It’s time for Lisa to be brought home, say supporters | Ha-Shilth-Sa Newspaper

It’s time for Lisa to be brought home, say supporters

Nanaimo, BC

It’s been 21 years since Lisa Marie Young went missing, precisely the age she was when she was last seen in the early morning of June 30, 2002 in Nanaimo.

Since 2003, Lisa Marie Young’s family, friends, and community members have gathered for an annual walk to honour her memory as they search for answers. On the morning of Sunday, June 25, they gathered, once again, meeting outside of the Nanaimo RCMP detachment.

As the crowd walked together, Lisa Marie Young signs were held above, walking to Maffeo Sutton Park to meet at Nanaimo’s Lion Pavilion. Red dresses danced in the wind, as Lisa’s family, friends, and community members spoke in honour of the Tla-o-qui-aht woman and in search of answers.

Inspired by Lisa Marie Young’s love for music, local artists performed songs throughout the day.

“Every year we do a walk and a gathering in honour of Lisa, and her mom, so nobody will forget,” said Carol Frank, Lisa Marie Young’s aunt. “People that don’t know her story will learn something today too. It’s really important.”

“It’s really uplifting and brings us strength,” said Frank when seeing the community gather. “There’s a lot of people that I’ve gotten to know over the years and so each year they come in support of Lisa.”

“We all just want answers and to bring Lisa home,” she added.

According to the Native Women’s Association of Canada, Lisa Marie Young was last seen getting into a vehicle with a man who drove a burgundy Jaguar car who offered her a ride to get food and agreed to return her.

The last text message Lisa sent read, “Come get me. They won’t let me leave.”

Lisa Marie Young’s disappearance continues to be investigated and is being treated as a homicide, reads a Nanaimo RCMP statement.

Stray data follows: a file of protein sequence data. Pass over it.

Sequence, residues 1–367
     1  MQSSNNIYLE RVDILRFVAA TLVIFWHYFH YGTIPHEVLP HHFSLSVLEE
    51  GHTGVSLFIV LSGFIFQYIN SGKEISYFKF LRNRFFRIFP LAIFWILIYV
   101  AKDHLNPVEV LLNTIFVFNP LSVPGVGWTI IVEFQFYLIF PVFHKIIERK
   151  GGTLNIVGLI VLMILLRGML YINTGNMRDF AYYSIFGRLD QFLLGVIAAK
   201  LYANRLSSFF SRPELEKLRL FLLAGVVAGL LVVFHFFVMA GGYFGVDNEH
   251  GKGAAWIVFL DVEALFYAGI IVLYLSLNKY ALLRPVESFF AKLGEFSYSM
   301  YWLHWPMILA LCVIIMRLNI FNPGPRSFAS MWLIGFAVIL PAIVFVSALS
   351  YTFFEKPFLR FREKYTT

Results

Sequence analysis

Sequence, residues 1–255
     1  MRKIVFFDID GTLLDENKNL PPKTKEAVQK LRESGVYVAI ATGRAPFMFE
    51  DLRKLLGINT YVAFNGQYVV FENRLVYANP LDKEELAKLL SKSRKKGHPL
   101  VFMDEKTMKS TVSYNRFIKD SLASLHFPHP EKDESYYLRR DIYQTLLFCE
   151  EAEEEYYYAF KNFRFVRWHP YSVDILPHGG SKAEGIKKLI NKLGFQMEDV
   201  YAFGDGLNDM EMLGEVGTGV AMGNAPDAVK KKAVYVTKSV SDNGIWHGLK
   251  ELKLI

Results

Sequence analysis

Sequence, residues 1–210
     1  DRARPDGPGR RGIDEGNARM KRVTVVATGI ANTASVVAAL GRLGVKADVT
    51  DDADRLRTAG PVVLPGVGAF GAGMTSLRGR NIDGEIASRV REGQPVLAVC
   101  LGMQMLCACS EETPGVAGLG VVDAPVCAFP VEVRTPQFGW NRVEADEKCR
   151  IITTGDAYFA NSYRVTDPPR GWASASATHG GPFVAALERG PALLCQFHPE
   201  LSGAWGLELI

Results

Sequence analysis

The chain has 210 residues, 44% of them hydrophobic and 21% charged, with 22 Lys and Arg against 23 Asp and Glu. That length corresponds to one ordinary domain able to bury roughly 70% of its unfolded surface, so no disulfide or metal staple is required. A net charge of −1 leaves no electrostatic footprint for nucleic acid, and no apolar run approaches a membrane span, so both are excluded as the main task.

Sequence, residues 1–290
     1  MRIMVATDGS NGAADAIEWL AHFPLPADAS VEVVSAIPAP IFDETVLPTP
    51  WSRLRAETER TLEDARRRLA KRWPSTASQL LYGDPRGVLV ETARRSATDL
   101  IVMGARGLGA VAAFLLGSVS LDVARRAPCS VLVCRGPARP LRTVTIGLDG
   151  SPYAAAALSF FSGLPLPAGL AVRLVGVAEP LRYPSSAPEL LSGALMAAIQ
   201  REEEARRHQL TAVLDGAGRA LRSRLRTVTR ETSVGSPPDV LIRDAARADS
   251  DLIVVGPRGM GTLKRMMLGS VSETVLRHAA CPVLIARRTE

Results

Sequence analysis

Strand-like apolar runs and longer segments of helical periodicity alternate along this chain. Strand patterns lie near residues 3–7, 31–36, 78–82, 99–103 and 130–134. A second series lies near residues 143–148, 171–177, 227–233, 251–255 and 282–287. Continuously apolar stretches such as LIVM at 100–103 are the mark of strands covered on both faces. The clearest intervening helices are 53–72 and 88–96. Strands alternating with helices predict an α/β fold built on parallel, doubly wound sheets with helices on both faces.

Cyndy Hall, friend of Lisa Marie Young, started advocating for Lisa when her mom, Marlene Joanne Martin Young, passed away.

“It makes me so happy because there's such a huge turnout,” said Hall. “It just shows that it's not just Lisa's loved ones that want her to come home, it's the community.”

Hall said it would mean the world to her, Lisa’s family, and friends if they found her. 

“Of course we want justice, but first off, we want Lisa to come home because Lisa is all alone and she died alone. So now it's time we bring her home,” said Hall.

At the event, Nanaimo mayor Leonard Krog read a proclamation that declared June 25th, 2023 Justice for Lisa Marie Young Day and June 30, 2023 Lights on for Lisa.  

Lights on for Lisa encourages people to “leave their patio lights on in support of the day she was reported missing,” shared Krog.

“The longer without Lisa, the harder it is,” said Hall.

“Since the night Lisa disappeared, 21 years looks like 252 months, 7,665 days, 183,960 hours, or 11,037,600 minutes,” said Carolann Bora, sister of Lisa Marie Young. “All of these separately are equivalent to 21 years and show how long Lisa’s loved ones have been in a state of grief and loss.”

“Without the support there's a real possibility that Lisa’s case would fade, making it less likely for loved ones [to have] closure and/or justice,” said Bora. 

“Over the years, investigators have received hundreds of tips, have interviewed as many people, conducted numerous searches, and have diligently followed up on old and new information,” said Reserve Constable Gary O’Brien of the Nanaimo RCMP in a statement.

“If you have information that you have never shared with police, now is the time to do so. It’s never too late,” said O’Brian.

Information can be reported with Nanaimo RCMP non-emergency line at 250-754-2345.

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